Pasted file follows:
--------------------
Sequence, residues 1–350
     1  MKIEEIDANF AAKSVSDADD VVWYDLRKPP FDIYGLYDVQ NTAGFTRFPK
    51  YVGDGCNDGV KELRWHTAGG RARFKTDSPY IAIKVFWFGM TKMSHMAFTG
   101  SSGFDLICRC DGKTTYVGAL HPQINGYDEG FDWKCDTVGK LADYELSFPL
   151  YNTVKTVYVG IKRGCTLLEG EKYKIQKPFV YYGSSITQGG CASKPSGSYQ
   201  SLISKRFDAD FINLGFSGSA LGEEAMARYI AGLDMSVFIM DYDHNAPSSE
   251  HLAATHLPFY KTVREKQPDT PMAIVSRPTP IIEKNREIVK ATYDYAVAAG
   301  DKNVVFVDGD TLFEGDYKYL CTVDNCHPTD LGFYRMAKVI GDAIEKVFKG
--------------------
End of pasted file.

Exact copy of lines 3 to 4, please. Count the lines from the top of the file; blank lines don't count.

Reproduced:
    51  YVGDGCNDGV KELRWHTAGG RARFKTDSPY IAIKVFWFGM TKMSHMAFTG
   101  SSGFDLICRC DGKTTYVGAL HPQINGYDEG FDWKCDTVGK LADYELSFPL